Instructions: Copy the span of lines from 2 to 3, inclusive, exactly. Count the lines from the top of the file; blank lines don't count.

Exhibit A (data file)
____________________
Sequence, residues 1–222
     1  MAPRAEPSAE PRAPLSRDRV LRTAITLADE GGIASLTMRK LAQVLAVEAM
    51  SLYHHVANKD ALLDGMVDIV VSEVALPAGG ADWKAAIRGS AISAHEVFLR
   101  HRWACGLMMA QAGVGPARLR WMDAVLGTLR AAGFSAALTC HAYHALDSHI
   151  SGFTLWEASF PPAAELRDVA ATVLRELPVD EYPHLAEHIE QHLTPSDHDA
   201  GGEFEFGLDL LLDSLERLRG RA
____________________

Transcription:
     1  MAPRAEPSAE PRAPLSRDRV LRTAITLADE GGIASLTMRK LAQVLAVEAM
    51  SLYHHVANKD ALLDGMVDIV VSEVALPAGG ADWKAAIRGS AISAHEVFLR